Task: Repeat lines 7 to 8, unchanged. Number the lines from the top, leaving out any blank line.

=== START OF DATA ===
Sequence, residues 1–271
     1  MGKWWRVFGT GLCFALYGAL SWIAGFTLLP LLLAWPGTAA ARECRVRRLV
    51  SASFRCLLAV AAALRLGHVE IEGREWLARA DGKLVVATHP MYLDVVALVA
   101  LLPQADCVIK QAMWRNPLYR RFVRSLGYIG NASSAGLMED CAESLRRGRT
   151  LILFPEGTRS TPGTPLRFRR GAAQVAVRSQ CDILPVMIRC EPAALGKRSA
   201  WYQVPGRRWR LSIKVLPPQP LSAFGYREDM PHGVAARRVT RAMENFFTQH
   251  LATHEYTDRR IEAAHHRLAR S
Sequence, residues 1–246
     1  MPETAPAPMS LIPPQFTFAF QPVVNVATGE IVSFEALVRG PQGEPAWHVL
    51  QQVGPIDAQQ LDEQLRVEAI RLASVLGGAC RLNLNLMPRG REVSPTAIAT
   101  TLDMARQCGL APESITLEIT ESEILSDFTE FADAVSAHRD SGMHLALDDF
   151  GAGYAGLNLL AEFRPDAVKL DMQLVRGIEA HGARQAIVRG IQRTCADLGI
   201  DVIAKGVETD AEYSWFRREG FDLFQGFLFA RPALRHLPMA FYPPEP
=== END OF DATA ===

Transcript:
   251  LATHEYTDRR IEAAHHRLAR S
Sequence, residues 1–246